He noted that under current law if someone had warned police about the Tsarnaev brothers, who bombed the Boston Marathon in 2013, law enforcement would not have been allowed to wiretap them because they were not part of an organized crime ring. The proposal would not change any other current standards for obtaining a wiretap order, which include demonstrating probable cause for a particular crime, getting approval from a judge, and showing that other techniques have been tried and failed to solve the crime.


While law enforcement hailed the proposal, civil liberties advocates were less thrilled. Gavi Wolfe, legislative council for the American Civil Liberties Union of Massachusetts, said the bill was unnecessary, too far reaching and “a serious intrusion into people’s privacy.”


“What they’re talking about is change to many different facets of the wiretap statute, and there’s cause for concern about each one of them - expanding the length of time that wiretaps can be in process, changing the nature of the kinds of crimes that can be subject to a wiretap... making it possible to wiretap individuals as opposed to coordinated criminal activity,” he added. (BOSTON GLOBE, PATRIOT-LEDGER [QUINCY])

Governors In Brief - May 8 2017 | 05-04-2017

Hickenlooper Orders Oil & Gas Inspections

In the aftermath of an explosion caused by a gas leak, COLORADO Gov. John Hickenlooper (D) ordered oil and gas companies statewide to inspect and pressure-test oil and gas flowlines within 1,000 feet of occupied buildings. A report issued by firefighters revealed the fatal explosion was caused by odorless gas seeping from a cut-off underground pipeline into the house through French drains and a sump pit. (DENVER POST, KDVR.COM [DENVER])


LePage Sues Maine AG

MAINE Gov. Paul LePage (R) sued Maine Attorney General Janet Mills on Monday, accusing her of abusing her power by refusing to represent him in federal lawsuits. He accused her of costing the state “hundreds of thousands of dollars” in private legal fees. (PORTLAND PRESS HERALD)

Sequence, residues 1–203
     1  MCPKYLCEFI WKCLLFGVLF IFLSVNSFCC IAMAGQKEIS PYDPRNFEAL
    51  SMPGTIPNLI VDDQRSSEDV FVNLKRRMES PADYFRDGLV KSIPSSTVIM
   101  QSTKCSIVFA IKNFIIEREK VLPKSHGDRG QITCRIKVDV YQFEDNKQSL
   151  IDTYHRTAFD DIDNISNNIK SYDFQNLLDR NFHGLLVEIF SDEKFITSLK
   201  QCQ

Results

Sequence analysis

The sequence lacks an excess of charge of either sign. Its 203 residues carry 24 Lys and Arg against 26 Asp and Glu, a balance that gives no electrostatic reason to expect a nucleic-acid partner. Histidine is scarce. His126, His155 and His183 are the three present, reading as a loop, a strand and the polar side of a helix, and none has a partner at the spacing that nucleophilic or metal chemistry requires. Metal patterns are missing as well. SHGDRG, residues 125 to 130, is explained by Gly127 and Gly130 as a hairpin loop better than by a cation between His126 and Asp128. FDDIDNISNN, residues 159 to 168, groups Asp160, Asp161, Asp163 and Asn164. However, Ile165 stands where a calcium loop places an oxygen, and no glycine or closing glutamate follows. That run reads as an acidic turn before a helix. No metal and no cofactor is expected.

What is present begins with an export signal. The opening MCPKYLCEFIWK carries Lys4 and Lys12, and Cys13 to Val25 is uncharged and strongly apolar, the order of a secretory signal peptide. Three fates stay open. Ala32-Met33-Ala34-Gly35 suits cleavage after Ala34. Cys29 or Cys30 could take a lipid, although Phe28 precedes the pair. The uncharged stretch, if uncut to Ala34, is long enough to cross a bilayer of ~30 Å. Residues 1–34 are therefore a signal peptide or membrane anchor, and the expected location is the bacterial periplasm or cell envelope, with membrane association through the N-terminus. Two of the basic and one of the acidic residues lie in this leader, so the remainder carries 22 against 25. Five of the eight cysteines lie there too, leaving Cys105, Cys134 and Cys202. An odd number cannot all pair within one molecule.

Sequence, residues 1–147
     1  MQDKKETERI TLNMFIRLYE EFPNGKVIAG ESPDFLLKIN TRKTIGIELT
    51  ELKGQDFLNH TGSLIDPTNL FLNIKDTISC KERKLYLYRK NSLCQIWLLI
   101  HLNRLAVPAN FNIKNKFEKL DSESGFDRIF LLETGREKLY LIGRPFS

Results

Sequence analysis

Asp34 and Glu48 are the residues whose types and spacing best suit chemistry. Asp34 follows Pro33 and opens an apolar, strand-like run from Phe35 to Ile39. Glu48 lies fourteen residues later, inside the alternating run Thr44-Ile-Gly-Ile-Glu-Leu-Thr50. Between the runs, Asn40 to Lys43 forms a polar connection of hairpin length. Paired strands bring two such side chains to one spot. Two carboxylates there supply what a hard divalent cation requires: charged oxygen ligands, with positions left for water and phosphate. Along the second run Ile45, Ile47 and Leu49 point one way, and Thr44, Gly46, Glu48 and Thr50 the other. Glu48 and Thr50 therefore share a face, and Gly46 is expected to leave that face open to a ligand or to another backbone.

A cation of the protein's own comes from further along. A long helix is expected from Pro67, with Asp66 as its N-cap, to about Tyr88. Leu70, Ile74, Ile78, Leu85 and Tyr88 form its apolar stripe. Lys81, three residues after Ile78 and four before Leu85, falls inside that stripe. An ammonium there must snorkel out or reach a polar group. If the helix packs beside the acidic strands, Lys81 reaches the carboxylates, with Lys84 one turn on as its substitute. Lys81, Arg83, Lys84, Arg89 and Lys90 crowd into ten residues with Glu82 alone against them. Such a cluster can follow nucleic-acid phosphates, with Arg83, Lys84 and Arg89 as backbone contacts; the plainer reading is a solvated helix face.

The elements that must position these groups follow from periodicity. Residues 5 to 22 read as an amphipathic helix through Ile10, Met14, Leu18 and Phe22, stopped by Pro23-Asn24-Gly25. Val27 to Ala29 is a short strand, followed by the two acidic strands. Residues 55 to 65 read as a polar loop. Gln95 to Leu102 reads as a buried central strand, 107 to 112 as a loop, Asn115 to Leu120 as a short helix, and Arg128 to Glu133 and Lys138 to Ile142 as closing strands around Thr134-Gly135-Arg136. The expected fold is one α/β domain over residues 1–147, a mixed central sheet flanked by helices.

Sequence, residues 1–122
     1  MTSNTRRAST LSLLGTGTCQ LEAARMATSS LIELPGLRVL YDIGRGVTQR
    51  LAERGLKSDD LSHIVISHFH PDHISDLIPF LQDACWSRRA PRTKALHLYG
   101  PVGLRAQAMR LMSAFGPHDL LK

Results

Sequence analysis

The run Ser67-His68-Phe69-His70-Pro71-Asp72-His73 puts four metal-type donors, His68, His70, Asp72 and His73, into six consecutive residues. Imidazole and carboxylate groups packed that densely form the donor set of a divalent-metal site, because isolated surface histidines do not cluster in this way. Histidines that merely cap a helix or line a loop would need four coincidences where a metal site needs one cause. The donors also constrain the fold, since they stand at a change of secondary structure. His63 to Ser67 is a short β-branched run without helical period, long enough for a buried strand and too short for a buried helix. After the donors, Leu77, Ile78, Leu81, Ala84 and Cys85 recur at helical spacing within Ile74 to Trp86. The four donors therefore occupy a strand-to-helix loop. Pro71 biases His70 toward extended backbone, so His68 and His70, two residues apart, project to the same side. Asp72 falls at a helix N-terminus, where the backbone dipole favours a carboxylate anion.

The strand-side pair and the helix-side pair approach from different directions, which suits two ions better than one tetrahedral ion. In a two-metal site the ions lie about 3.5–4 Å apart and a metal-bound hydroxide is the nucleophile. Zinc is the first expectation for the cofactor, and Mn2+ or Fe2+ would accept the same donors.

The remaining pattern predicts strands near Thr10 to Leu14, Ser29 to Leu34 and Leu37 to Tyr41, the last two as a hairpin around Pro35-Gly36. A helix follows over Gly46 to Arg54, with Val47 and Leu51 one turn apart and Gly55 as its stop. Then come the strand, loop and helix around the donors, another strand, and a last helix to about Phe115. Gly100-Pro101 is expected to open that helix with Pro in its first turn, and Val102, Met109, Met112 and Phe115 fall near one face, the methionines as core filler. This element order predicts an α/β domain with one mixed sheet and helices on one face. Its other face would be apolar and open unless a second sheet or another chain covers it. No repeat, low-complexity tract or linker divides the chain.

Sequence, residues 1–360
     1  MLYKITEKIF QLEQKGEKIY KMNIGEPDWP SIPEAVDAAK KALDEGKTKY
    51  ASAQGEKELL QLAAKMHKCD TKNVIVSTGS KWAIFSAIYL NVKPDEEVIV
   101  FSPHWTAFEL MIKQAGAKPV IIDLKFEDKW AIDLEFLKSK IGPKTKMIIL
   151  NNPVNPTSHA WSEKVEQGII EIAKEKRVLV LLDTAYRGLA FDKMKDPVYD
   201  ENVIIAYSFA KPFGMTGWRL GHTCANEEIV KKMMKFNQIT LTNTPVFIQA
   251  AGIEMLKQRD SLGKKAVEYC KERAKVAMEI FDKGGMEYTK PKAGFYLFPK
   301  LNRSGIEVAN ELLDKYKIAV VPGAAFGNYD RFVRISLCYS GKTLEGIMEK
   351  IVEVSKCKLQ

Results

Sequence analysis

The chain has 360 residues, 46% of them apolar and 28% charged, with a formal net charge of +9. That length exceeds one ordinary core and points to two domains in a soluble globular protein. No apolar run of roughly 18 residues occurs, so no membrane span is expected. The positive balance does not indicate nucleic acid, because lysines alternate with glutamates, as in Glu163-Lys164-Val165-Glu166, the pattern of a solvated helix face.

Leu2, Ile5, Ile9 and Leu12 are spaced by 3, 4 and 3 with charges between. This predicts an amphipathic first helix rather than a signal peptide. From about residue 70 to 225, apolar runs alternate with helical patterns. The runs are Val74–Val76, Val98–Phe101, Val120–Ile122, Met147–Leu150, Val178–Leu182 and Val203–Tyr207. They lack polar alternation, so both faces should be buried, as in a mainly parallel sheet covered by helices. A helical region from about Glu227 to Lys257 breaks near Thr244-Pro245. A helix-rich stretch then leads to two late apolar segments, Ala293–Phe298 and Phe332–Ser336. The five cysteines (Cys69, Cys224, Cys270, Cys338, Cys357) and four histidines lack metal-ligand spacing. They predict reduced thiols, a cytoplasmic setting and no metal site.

Christie Vetoes Trump Tax Bill

Calling it an effort to “score cheap political points,” NEW JERSEY Gov. Chris Christie (R) vetoed a measure last week that would have required presidential and vice presidential candidates to disclose their federal income tax returns for at least the five most recent taxable years for which they have filed returns. (PHILADELPHIA INQUIRER)




-- Compiled by RICH EHISEN

Some KS Lawmakers Gearing Up For Override Fight | 05-04-2017

This year marked a rift between Kansas Gov. Sam Brownback (R) and many of the state’s lawmakers, including some of his fellow Republicans, with both chambers of the GOP-led Legislature voting to roll back a major tax cut the governor championed and to expand Medicaid, which he has opposed doing, and then coming within just a few votes of overriding the governor’s vetoes of those measures.


For some lawmakers the tensions have not subsided. Sen. Barbara Bollier (R) said they may make another push to raise revenues with more supporters behind it.


“For me it looks more that we’re going to have to go to an override, which means some people are going to have to change their position,” she said.


She also made it clear that change of position wouldn’t be coming from moderate Republicans like herself, whom she says have repeatedly given in to the will of more extreme conservatives like Brownback.


“We’re tired of giving,” she said. “We’ve given and given and given; we’ve had cuts and cuts and cuts and cuts. We have to be the ones to stand up and save the state.”


Sen. Anthony Hensley, the Senate’s top Democrat, is also gearing up for an override fight, saying the governor won’t agree to any tax changes big enough to fix the $900 million budget shortfall projected for the state over the next two fiscal years.


“I don’t think we want him to be relevant to this process,” he said. “Up until now, he really hasn’t brought much to the table in the way of tax reform.”


But Senate President Susan Wagle (R), who has been working with Brownback on a new tax plan, said his use of the veto pen is just “a normal part of the process.”